The market extended its losing streak to six consecutive days, but once again the damage could have been much worse considering where the session opened. S&P futures were down more than 10 handles at the 9:30 bell and sold off in the first hour before rallying into the gap. Stocks went green for only a few minutes in the early afternoon before fading a bit into the close. The Dow was hit hardest, closing down 0.75%, while Nasdaq showed relative strength only shedding 0.39%.
From an active trader’s perspective, it has been a difficult environment to maneuver. Yesterday we fell hard on Europe concerns, but rallied strongly into the close to minimize the damage. Traders who perhaps bought on that reversal were left frustrated by this morning’s open and the action in the first hour, but then we rallied back to close the gap temporarily. We closed right in the middle of the day’s range, so the next leg for the market is anyone’s guess.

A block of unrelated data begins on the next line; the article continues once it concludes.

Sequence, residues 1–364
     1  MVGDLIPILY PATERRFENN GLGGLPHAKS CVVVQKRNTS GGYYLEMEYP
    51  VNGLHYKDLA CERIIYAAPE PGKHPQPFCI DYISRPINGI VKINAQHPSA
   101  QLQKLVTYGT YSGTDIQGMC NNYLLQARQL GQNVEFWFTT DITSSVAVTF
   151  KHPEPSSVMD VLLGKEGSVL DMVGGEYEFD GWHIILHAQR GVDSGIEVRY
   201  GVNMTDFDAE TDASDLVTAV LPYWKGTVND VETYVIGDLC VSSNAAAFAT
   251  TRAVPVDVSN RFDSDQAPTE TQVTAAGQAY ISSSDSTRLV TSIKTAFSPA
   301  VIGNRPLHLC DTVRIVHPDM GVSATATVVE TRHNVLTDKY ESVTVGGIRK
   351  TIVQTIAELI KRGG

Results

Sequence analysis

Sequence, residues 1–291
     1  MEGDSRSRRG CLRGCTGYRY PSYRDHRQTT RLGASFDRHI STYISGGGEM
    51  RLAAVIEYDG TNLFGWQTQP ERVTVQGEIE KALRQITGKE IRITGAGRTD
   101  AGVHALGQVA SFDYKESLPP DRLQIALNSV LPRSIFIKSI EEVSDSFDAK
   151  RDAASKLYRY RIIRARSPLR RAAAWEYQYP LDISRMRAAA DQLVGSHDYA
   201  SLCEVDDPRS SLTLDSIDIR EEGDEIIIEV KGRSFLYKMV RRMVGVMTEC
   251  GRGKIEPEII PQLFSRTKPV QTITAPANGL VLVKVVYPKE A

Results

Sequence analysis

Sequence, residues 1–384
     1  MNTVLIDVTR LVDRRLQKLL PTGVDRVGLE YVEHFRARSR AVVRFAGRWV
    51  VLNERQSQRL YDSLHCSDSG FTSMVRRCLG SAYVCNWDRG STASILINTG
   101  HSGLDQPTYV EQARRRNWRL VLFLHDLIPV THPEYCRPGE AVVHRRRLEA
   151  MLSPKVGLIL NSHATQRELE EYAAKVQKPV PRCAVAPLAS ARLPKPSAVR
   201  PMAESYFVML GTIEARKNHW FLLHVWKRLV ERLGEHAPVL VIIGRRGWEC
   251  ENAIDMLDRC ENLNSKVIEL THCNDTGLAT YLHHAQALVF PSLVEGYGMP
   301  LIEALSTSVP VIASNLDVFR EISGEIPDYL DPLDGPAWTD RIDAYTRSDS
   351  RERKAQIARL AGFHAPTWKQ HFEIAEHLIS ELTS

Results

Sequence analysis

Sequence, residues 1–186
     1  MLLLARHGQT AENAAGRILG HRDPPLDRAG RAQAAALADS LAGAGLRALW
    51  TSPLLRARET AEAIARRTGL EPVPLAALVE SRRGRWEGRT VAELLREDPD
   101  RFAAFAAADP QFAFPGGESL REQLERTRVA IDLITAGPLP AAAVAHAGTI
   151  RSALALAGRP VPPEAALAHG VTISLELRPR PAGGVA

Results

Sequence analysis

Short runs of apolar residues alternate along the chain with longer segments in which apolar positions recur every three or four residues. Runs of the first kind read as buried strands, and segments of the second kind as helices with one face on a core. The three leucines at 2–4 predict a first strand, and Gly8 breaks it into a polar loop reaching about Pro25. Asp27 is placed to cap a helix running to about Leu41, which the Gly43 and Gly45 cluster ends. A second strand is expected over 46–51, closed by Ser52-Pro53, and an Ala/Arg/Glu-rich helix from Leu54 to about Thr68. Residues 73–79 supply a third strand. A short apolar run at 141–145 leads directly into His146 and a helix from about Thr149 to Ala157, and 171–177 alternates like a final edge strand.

We are not yet at extreme oversold levels that precipitate a big snap-back type bounce, but we could easily drift or consolidate for a few days. Investors are still trying to interpret what the European political shakeup will mean for the market. Gold (GLD) fell hard again today, losing 1%, as the anti-bailout crowd gains further influence across the pond.
Apple (AAPL) led the charge in the late morning, getting into positive territory, before also losing steam. The market leader is forming a tight mini consolidation near major support from before earnings, and traders should keep a close eye on both ends of that range.
Banks have been heavy overall, but I am starting to look to buy the dip in the strongest names, always led in my mind by JP Morgan (JPM). JPM fell down near its 100-day moving average today, and I am taking a position overnight.
Disclosure: Scott Redler is long JPM, SPY.